Why Startups Are Postponing IPO Plans

Wrong timing, negative sentiments towards startups, recession, global stock market meltdown and geo-political turmoil are some of the key reasons

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After an IPO (initial public offering) sprint last year, we are seeing an IPO drought lately. Many top-tier startups have decided to push their listing plans. The list of such startups include MobiKwik, boAt, Oyo Hotels and Homes, Snapdeal, Droom, Pine Labs, PharmEasy and others. Among these, PharmEasy and MobiKwik have reportedly not set dates for their IPO despite receiving clearance from SEBI.

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Negative sentiments

Valuations of many companies that have gone public in the recent past have taken a beating, which has led to negative sentiments among investors. And, this is one of the key reasons behind many startups postponing their IPO plans. "They would rather invest in traditional companies, which are profit-making. But it is only one of the reasons. The timing is also not right considering recession and global stock market meltdown that is looming around us, apart from rising Inflation, geo-political turmoils, and US markets taking a beating, and foreign investors taking out money from the country," said Mohamad Faraz, founding partner, Upsparks.

Has the Paytm story also made the founders more cautious? "We strongly believe that every business has its unique offering and target market. So, how they perform on the public markets is purely based on how they are delivering on their business metrics consistently, more than the Paytm Fiasco. It is the IPO readiness that matters the most. The Paytm story has not been inspiring and there were negative sentiments since pre-IPO. The valuations were exorbitant and they had negative bottom lines. This added fuel to the fire," he added.

"No single company can be blamed for the current situation, which has emerged from broader macro shifts that are out of the control of any single country, let alone any single company," said Siddarth Pai, founding partner, CFO, ESG Officer, 3one4 Capital.

He also added that the macro situation has shifted due to rising interest rates and inflation, leading many to seek strong cash-generating companies as opposed to growth companies. "The valuation models that extrapolated the valuations of many are sensitive to these rate changes, that has seen many growth stocks globally take a beating in the current market situation," he said.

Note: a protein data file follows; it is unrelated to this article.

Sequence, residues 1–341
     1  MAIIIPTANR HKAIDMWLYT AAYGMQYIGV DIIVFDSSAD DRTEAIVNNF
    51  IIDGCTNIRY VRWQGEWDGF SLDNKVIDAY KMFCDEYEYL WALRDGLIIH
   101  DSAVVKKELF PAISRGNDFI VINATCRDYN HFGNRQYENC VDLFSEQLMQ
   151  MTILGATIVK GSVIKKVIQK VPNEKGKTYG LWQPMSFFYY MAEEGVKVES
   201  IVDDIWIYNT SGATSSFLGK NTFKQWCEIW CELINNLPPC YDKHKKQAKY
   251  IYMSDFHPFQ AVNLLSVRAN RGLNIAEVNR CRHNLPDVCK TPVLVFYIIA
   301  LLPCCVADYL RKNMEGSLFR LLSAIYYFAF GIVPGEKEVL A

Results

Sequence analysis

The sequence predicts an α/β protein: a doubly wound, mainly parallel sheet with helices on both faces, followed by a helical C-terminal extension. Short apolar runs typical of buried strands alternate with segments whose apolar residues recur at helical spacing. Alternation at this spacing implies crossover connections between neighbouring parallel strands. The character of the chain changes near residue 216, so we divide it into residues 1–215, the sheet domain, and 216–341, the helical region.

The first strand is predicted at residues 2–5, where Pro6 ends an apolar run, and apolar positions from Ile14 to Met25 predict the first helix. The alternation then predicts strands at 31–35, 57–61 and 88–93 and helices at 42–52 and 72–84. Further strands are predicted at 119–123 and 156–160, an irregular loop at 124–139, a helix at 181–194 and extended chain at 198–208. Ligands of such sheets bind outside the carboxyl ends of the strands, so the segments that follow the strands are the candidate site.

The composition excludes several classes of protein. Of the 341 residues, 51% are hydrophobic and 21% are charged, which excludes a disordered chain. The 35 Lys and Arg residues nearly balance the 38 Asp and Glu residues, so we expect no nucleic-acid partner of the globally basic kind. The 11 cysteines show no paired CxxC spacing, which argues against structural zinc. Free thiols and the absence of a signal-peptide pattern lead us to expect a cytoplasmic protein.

Is India's story different?

The recent markets have witnessed a significant dip in technology stocks in most countries. Stocks of major global tech companies including Apple, Microsoft, Tesla, Netflix, Twitter and Amazon have also seen sharp falls. But, is there more to the India story?

"Stock markets had a rough year just about everywhere. Some large players in the US have dropped as much as 90 per cent. Many of the recently listed companies in India are also trading below their issue prices. While this is a cause for worry, India is lucky and has weathered the storm mostly because not many such companies are listed, and many private ones raised a lot of money last year. But moving forward, the situation may get difficult for everyone," said Amarjeet Singh, partner and national Lead, emerging giants and startups, KPMG India.

Experts believe that it is too soon to draw any conclusions, but they are hopeful that investments will continue to flow into the country.

Singh feels that as a result of the sentiment of global economy towards China and with money moving out of China; the population on mobile and internet, and expected GDP growth of India will ensure that investments in Indian startup ecosystem continue to flow to the country. "The currency fluctuations coupled with the 'great resignation' that the job markets witnessed globally, will possibly add to the chaos. While we still are battling the global unrest due to the war, the ongoing political happenings in the United Kingdom, are also being closely observed, even though it is too soon to draw any conclusions," he said.

Further, we are also still in very early days of tech dominance on the public markets and many are expecting to see more tech startups take over NIFTY in the next few years. "Also, traditional Indian companies are doing better compared to US companies and have seen revenue increase with better profits. So, we don't think we should worry about the Indian story. Companies with sustainable business models will perform well despite the global fiasco and there are still Indian and global investors looking at the Indian markets to invest as the potential in India is massive," said Faraz.

Another interesting factor is that the tech penetration is higher than the levels enjoyed pre-pandemic. "Indian startups have been overindexed on growth – especially during the low interest rate environment. The business models have shifted to cashflow generation as the rates are rising, keeping in tune with the times," said Pai.